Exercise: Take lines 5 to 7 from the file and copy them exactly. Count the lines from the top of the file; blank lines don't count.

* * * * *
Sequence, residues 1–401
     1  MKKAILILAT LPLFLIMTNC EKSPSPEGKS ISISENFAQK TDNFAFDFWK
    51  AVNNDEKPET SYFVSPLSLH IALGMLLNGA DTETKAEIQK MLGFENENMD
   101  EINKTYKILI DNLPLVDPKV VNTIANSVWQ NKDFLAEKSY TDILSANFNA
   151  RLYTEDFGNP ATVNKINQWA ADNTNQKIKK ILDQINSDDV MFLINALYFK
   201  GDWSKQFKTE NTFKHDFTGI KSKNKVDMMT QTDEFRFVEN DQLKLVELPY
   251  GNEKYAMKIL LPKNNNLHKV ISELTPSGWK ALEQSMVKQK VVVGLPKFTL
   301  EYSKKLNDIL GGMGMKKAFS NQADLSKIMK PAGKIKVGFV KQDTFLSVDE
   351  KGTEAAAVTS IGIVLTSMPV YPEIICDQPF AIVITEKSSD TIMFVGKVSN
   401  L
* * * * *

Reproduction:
   151  RLYTEDFGNP ATVNKINQWA ADNTNQKIKK ILDQINSDDV MFLINALYFK
   201  GDWSKQFKTE NTFKHDFTGI KSKNKVDMMT QTDEFRFVEN DQLKLVELPY
   251  GNEKYAMKIL LPKNNNLHKV ISELTPSGWK ALEQSMVKQK VVVGLPKFTL